For years, people have speculated about Mary Magdalene and her role in Jesus’ life. While many scholars and enthusiasts have argued that she could have been Jesus’ wife, such theories have been dismissed and even suppressed by the orthodox Christian establishment. But author June Kerr begs to differ with them. In her daring new novel Rabboni, My Love, Kerr envisions Jesus and Mary Magdalene as husband and wife and parents, and as partners in Jesus’ ministry.
Although writing fiction, Kerr has spent years researching the Bible and studying with scholars to recreate her depiction of Jesus and Mary’s life and marriage during the years of his ministry. In the process, Kerr has made a powerful argument for their relationship and the idea that God would want His Son to have a full human experience, which would include love and marriage and fatherhood. The result is a portrait of Jesus and Mary’s lives which no work of nonfiction could ever accomplish.
Using their Jewish names, Joshua and Miriam, Kerr depicts Jesus and Mary as having been happily married for many years and with three children at the time Jesus begins his ministry. Kerr also is well-aware of the creative impulses behind the stories people tell, and how they are often based in one’s life experiences. In Rabboni, My Love, Jesus’ ministry is spurred on by an encounter he has with a Samaritan who saves his life after he is attacked and left to die. This act of kindness becomes the impetus to Jesus understanding how he can spread his message of God’s love to people, fulfilling the ancient prophecies and the promise of a savior that the angels made at his birth.
Throughout the novel, Kerr assembles various incidents of Jesus’ life and his parables to recreate the stories behind the gospels, taking what were often confusing, seemingly contradictory, or simply fragmented pieces of Jesus’ life to sew them into a whole. She also highlights aspects of Jewish life and traditions in the early first century, illuminating details of which Christians today are largely ignorant. I was especially impressed by the conclusions and connections she drew about the various people mentioned in the gospels, many of whom often seem like little more than names to us; insights are given into people like Barabbas and the two thieves who died with Jesus at the Crucifixion, as well as Jesus’ relatives, his family’s roles within society and the Jewish priesthood, and his interactions with the Roman government.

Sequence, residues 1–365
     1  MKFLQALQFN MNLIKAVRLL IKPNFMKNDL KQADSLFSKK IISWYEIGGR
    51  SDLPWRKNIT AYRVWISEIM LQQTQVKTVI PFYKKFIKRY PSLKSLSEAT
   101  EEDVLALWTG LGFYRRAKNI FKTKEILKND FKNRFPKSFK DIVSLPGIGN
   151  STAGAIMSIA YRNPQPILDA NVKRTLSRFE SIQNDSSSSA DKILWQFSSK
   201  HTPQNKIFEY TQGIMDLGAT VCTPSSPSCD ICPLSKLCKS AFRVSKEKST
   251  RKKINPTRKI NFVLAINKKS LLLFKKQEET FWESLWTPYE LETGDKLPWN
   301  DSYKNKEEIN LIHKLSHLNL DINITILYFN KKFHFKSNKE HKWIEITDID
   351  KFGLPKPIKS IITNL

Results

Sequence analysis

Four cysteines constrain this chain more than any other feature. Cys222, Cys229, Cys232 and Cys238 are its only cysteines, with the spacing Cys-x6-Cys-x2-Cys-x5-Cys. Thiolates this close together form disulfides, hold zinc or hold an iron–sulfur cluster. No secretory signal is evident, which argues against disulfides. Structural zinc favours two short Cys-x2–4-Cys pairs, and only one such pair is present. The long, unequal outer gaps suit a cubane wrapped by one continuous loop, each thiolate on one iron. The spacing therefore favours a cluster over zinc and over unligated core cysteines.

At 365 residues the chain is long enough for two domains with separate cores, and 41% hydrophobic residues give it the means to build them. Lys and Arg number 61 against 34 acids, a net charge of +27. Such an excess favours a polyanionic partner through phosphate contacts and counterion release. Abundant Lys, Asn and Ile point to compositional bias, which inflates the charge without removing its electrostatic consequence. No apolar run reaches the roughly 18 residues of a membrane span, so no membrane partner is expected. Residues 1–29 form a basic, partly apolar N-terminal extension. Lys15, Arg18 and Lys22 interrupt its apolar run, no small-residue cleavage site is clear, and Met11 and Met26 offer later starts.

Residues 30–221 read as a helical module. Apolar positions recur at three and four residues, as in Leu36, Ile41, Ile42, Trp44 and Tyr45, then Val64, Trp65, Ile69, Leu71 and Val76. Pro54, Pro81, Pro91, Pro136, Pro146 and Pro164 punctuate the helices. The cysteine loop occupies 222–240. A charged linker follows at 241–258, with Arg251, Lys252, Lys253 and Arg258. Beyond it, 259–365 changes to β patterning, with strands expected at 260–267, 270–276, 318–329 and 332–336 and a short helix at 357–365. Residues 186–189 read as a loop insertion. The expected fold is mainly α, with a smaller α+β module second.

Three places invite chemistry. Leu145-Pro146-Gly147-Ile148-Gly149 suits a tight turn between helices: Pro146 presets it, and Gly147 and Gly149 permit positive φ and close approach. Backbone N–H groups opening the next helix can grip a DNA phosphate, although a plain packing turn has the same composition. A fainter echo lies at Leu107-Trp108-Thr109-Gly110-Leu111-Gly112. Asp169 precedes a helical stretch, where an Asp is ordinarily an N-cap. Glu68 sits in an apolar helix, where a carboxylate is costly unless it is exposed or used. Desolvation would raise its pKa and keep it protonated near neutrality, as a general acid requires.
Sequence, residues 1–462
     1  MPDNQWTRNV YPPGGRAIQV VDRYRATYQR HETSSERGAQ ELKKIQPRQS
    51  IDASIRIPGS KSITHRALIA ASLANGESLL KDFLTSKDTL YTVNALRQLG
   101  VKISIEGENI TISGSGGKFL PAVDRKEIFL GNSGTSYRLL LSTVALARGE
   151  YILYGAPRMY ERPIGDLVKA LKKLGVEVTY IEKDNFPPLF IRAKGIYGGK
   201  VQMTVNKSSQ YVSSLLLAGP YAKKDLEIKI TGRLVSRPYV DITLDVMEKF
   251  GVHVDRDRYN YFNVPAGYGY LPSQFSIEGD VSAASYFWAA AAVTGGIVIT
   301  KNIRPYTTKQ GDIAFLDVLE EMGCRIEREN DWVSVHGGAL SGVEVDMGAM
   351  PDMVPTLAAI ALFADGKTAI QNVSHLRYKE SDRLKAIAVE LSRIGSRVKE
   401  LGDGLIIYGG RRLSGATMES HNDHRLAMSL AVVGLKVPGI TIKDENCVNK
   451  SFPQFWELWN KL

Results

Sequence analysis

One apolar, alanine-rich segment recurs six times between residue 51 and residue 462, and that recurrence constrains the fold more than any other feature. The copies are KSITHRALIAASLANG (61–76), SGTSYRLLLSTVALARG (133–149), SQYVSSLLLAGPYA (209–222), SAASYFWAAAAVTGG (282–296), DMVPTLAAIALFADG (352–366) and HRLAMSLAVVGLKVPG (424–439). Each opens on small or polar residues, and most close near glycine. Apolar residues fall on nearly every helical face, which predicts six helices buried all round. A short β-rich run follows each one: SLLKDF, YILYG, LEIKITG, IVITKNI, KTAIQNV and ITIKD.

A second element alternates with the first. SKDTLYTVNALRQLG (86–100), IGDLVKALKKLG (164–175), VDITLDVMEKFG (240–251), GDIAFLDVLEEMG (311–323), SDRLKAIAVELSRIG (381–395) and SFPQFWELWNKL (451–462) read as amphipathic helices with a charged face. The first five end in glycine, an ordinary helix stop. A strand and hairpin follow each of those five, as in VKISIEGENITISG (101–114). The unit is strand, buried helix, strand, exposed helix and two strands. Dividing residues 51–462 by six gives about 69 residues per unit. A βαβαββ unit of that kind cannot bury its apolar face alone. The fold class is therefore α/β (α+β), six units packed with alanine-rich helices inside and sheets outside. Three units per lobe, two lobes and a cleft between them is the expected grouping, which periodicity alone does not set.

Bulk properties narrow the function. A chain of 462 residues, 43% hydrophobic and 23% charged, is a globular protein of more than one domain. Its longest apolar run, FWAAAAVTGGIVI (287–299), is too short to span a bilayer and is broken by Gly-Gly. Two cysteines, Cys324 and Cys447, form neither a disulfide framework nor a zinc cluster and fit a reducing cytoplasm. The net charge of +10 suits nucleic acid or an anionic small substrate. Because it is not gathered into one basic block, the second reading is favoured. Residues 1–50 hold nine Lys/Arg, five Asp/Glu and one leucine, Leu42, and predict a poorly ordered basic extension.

Kerr’s style is moving, especially in the scenes between Mary and Jesus, showing how loving their relationship is. She depicts how as a married couple they praise God by reciting the Psalms together, and how they are true partners in their desire to spread Jesus’ ministry, even when Jesus warns Mary that after he dies, people may turn on her, making her a scapegoat.
Doubtless, religious critics will raise eyebrows, if not complain and condemn Kerr’s book, but she answers their charges in an interview included in the back of the book where she discusses her writing process, research, and reasons for writing Rabboni, My Love, stating:
“The faith, hope, and love that Jesus and Mary lived and taught will never die, but unless the organized church can grasp the wisdom of their way and honor both men and women as full partners in the faith, it seems to continue to dissolve in divisiveness. I hope this story of love and faith will help people of all faiths and of no faith understand the power of love. As Jimi Hendrix said, ‘When the power of love overcomes the love of power, the world will know peace.’ I hope that day comes soon in each of our lives. I don’t understand why anyone would deny that God could give Jesus a mate as God had given one to Adam, or reject the love story of Jesus and Mary seeking peace on earth.”
Kerr also states that she was inspired to write this book after first hearing stories in France, where she resides part-time, about Mary Magdalene living there. Kerr is currently working on both a prequel and sequel to the novel to complete Mary’s story.
No one may ever know the truth about Jesus and Mary Magdalene, but I feel that Kerr offers a very plausible interpretation of their relationship. Plenty of people have written novels about Jesus’ life, and I’ve read several of them, including Anne Rice’s Christ, the Lord series, which I think pales by comparison. No one to my knowledge has tackled the relationship between Jesus and Mary Magdalene or depicted his life with such reverence as well as imagination. I hope readers will be open-minded and read this moving story of faith so they can make up their minds for themselves about Mary Magdalene’s life and relationship with Jesus.
For more information about June Kerr and Rabboni, My Love, visit www.RabboniMyLove.com.